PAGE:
if (unitDefinitions[unit.unitName].size == 'lg') {
                // large units must reserve a node in the staticGrid to prevent other large units from going there
                var gridXInStatic = fnRound((unit.path[0] - (matrixNodeSize / 2)) / matrixNodeSize);
                var gridYInStatic = fnRound((unit.path[1] - (matrixNodeSize / 2)) / matrixNodeSize);

                staticGrid.nodes[gridYInStatic][gridXInStatic].walkable = false;

                unit.nextWalkToNode = staticGrid.nodes[gridYInStatic][gridXInStatic];

            } else {
                grid.nodes[gridY][gridX].walkable = false;

                unit.nextWalkToNode = grid.nodes[gridY][gridX];

            }
            moveToNext(unit);
        } else {


            if (unit.unitName != 'drone') {
                stopAnimationsNetwork(unit, false, 0);
            }
            unit.waitInt = setInterval(function() {
                unit.timesWaited++;

                var distanceFromEnd = Phaser.Math.distance(unit.x, unit.y, unit.goingX, unit.goingY);

                if ((distanceFromEnd <= 100) && (unit.timesWaited > 3)) {
                    clearInterval(unit.waitInt);
                    actionsAfterCompletingPath(unit);
                    return;
                } else if ((distanceFromEnd >= 100) && (unit.timesWaited > 20)) {
                    // find a new path
                    actionsAfterCompletingPath(unit);
                    clearInterval(unit.waitInt);
                    unit.goToTarget = {
                        'x': unit.goingX,
                        'y': unit.goingY

                    }
                    return;
                }

                if (grid.nodes[gridY][gridX].walkable) {
                    if (unit.nextWalkToNode != undefined) {
                        unit.nextWalkToNode.walkable = true;
                    }
                    unit.timesWaited = 0;
                    grid.nodes[gridY][gridX].walkable = false;
                    unit.nextWalkToNode = grid.nodes[gridY][gridX];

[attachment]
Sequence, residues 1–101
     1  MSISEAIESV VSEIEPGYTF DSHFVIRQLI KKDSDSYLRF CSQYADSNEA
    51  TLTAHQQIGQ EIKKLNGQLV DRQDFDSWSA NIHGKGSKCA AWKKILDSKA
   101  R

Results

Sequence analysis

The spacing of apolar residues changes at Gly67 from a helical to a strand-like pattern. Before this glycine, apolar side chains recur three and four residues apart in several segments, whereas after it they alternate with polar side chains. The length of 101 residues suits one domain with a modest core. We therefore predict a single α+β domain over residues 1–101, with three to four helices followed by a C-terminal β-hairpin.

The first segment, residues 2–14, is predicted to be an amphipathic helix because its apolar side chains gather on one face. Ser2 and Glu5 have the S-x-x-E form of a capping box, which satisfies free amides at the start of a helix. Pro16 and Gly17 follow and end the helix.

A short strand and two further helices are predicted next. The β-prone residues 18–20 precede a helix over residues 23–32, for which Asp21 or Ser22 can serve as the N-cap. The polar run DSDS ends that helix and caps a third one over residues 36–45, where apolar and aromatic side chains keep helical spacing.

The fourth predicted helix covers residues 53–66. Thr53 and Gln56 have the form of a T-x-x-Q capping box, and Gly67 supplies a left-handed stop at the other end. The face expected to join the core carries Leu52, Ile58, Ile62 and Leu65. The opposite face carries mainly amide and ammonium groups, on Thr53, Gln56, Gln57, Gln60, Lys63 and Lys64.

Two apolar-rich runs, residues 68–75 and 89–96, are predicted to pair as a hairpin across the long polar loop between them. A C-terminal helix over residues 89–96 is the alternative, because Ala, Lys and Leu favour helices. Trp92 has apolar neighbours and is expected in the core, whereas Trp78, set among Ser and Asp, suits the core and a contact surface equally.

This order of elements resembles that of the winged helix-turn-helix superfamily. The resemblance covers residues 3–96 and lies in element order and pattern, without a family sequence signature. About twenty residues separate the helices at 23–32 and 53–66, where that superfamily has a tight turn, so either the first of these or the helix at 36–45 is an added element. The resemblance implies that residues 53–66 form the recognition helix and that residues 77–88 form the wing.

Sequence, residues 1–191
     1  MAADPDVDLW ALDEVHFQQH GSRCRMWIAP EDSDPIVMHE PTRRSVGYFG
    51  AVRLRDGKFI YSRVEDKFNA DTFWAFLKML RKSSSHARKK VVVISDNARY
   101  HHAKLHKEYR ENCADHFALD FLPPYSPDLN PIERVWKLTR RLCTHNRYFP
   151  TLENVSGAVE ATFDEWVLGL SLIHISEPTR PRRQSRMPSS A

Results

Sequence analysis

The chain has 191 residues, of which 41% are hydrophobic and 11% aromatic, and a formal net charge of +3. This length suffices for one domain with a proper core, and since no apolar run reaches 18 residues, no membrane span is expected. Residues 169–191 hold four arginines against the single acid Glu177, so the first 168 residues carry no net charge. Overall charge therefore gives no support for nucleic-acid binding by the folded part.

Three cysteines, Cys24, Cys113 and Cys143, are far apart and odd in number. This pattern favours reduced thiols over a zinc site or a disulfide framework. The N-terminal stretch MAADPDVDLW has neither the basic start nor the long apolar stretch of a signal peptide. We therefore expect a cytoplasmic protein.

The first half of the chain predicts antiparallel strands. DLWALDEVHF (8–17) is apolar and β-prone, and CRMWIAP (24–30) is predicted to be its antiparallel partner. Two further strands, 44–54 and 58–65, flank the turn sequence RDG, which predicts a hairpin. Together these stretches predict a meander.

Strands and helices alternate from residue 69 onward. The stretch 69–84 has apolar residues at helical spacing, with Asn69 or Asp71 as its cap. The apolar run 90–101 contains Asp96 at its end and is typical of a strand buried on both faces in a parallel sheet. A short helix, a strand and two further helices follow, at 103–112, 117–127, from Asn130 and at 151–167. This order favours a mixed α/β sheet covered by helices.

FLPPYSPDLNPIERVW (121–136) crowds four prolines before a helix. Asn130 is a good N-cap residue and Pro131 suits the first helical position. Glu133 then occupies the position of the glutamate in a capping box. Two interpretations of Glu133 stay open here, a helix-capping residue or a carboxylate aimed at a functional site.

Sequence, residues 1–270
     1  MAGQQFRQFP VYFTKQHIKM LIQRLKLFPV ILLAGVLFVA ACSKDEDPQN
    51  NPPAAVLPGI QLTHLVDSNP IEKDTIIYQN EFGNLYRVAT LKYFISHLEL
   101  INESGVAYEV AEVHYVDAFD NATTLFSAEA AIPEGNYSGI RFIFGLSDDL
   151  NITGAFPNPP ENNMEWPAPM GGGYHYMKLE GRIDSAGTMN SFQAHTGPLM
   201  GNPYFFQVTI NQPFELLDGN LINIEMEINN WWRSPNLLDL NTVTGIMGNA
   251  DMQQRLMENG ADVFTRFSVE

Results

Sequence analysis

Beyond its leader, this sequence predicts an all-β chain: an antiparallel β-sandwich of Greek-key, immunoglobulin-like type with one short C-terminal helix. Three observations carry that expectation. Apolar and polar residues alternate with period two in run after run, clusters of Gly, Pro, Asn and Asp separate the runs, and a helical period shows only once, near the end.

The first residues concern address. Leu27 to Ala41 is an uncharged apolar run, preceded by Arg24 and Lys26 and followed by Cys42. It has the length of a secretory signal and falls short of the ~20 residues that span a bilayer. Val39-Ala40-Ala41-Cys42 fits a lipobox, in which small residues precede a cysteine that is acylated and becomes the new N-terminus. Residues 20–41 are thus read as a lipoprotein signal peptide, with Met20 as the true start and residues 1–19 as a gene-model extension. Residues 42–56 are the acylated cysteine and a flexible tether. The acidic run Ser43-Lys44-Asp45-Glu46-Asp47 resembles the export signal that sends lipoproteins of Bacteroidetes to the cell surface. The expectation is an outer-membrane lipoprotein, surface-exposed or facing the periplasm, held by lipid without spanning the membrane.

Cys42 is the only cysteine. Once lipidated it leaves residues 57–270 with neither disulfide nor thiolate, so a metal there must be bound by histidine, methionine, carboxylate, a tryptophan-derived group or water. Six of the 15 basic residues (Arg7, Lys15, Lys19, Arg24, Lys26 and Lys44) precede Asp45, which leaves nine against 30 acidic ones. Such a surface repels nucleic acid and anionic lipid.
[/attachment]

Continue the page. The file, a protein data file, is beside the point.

clearInterval(unit.waitInt);
                    walkMech(unit);

                    moveToNext(unit);

                }

            }, 50);

        }

    }

}

If you think that's complicated and messy, consider that this is just one small component of the system. That to me, was a big red flag. The more complicated a system is, the more likely it will fail. Simpler systems work better because there are fewer things in them that can fail. 

I discovered this technique on my own through experimentation and had no idea Starcraft used it until I saw Day9’s video. Although Day9 doesn't appear to understand what is going on under the hood, he explains what the pathfinding system feels like to the player and what the gameplay implications are - it just made me think hard about what the units were doing when looking for a path. I came to realize the units were constantly stopping and going because they were asking "is this square occupied?" just like in my own implementation.

At some point in pre-alpha, I ditched this entire approach and revamped pathfinding to something much simpler. Instead of units constantly checking if the node they are about to walk to is occupied, the units simply maintain relative distance from each other when they walk. The only nodes which are marked as unwalkable are the start and end destinations. Even though the same grid structure is used, units don't move like they are playing hopskotch because a second algorithm (independent of the pathfinding algorithm) smooths the paths. This is the system currently used in Strike Tactics.

Early feedback from alpha testers was the impetus to overhaul pathfinding in this way, and as soon as I made the change, “pathinding” ceased to even be a topic of discussion among alpha testers. That to me proved the new pathfinding was good, because it did its job unnoticed. My reasoning is that If players notice your pathfinding, that’s when you know it’s bad. The contrapositive is that you don’t get praise for good pathfinding, because no one notices it. SC2 pathfinding is probably the best pathfinding system ever devised for a dynamic world. Units of all sizes miraculously find their way to destinations, without overlapping each other and without stopping. Despite this, the only discussions surrounding SC2 pathfinding are in relation to brood war pathfinding, and how it just doesn’t have the same charm to it. Brood War pathfinding is considered "fun" for some players, because it requires more micro-management to move your units effectively.